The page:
Julian Egelstaff writes about Microsoft’s recent Jump In Camp

December 27, 2010


In early November (November 16th-19th, 2010) Microsoft hosted “Jump In Camp” not too far from the main Microsoft campus in Seattle. From all accounts, it was a rousing good time. Jump In Camp seems to be equal parts training and coding with Microsoft talking (and listening) about MSSQL Server and then the participants using what they learned to develop PHP code that works with MSSQL Server or extend existing projects to support MSSQL.

Julian Egelstaff was there and wrote up his thoughts about Jump In Camp recently for Port 25 in a post titled “Things I learned at Jump In Camp”. Here’s the obligatory pull quote.

Open source is all about sharing and helping out, so it was clear from speaking to people like Josh why this particular group of staff inside Microsoft were able to genuinely represent their monolithic corporation to a group of open source developers. There might still be no Linux driver for SQL Server, but Microsoft has good people making steps in the right direction.

I’ve written several blog posts on my personal blog about Microsoft’s efforts to reach out to the Open Source community and the PHP community specifically. I’ve moved from “cautiously optimistic” to “openly happy” at their efforts. Jump In Camp is just one more sign that they are making a genuine effort to make PHP a first class citizen on Windows. I used to say that their efforts were thanks to a few people like Josh Holmes and Karri Dunn. However, the more people I meet in their Interop Group the more I realize that their is a quiet movement in Microsoft to change the corporate attitude. People like Ashay Chaudhary, Ruslan Yakushev, Jas Sandhu, Brian Swan, Mark Brown and a host of others are working not only from the marketing side of Microsoft but also from the technical side to really reach out, connect and contribute.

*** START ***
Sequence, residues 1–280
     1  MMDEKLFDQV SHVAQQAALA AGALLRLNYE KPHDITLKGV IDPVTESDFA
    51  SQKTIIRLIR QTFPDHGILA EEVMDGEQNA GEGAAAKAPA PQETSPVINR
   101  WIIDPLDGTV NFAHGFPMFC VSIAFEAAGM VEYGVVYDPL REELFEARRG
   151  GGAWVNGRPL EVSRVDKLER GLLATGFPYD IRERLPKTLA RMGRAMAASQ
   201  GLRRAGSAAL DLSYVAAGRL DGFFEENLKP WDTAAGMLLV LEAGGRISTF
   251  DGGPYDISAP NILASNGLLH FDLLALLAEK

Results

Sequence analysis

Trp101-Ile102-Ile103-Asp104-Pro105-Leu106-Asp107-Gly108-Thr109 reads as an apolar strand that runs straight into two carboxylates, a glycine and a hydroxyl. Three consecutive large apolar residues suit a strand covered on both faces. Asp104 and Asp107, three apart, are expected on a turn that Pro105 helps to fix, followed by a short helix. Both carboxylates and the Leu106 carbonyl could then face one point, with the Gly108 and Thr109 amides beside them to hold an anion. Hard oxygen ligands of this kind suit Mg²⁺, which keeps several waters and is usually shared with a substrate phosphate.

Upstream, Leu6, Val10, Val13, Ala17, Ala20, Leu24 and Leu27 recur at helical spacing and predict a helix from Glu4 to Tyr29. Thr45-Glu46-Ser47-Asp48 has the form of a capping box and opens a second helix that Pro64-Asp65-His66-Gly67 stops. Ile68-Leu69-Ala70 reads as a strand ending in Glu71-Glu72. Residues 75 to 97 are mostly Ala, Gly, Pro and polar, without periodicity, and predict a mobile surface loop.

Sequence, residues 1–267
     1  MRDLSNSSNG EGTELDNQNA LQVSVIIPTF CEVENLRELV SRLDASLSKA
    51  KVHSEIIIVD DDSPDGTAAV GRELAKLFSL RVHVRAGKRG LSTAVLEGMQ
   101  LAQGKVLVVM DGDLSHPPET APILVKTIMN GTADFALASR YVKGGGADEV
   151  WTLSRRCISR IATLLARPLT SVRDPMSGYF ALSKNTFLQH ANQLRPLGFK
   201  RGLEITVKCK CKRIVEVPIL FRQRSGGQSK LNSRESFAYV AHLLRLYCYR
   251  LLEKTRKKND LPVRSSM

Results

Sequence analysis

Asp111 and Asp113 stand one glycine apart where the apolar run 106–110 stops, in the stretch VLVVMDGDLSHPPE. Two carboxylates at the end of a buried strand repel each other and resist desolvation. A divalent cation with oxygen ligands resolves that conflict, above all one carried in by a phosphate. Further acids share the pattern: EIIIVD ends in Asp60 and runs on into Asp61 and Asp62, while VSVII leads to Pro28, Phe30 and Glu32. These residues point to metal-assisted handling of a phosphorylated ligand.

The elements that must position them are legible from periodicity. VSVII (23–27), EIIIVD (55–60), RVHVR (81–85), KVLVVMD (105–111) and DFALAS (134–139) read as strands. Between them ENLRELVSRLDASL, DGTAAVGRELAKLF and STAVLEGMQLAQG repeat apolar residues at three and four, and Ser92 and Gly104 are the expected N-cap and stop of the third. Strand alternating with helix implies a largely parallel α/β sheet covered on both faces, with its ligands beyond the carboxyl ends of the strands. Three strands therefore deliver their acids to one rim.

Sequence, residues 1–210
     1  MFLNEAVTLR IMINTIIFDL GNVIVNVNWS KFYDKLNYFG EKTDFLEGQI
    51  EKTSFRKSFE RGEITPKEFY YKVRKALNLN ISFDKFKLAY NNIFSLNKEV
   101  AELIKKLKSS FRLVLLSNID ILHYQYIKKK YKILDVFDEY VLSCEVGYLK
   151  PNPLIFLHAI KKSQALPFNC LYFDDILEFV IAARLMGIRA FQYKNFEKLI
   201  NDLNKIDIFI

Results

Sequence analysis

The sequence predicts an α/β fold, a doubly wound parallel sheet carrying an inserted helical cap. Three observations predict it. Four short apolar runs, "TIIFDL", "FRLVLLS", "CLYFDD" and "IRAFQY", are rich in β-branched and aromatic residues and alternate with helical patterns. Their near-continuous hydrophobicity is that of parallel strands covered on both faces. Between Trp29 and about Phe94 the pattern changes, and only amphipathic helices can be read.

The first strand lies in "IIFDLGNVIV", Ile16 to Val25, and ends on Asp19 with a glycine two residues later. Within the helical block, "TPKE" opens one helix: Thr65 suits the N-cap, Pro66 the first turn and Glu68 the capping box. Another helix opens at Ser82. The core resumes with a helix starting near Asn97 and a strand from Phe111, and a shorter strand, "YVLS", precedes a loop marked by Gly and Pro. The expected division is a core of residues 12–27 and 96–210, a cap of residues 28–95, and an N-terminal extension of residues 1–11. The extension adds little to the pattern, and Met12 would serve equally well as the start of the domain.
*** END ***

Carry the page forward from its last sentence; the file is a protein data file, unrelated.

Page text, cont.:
If you are interested in what went on at Jump In Camp and want a glimpse into what Microsoft is doing, check out Julian’s blog post. It’s a short but very interesting read.

(Seriously, how can a blog post that mentions both Paul Reinheimer and African djembe drums not be interesting?)

About Cal Evans

Many moons ago, at the tender age of 14, Cal touched his first computer. (We're using the term "computer" loosely here, it was a TRS-80 Model 1) Since then his life has never been the same. He graduated from TRS-80s to Commodores and eventually to IBM PC's. For the past 10 years Cal has worked with PHP and MySQL on Linux OSX, and when necessary, Windows. He has built on a variety of projects ranging in size from simple web pages to multi-million dollar web applications. When not banging his head on his monitor, attempting a blood sacrifice to get a particular piece of code working, he enjoys building and managing development teams using his widely imitated but never patented management style of "management by wandering around". Cal is happily married to wife 1.31, the lovely and talented Kathy. Together they have 2 kids who were both bright enough not to pursue a career in IT. Cal blogs at http://blog.calevans.com and is the founder and host of Nomad PHP

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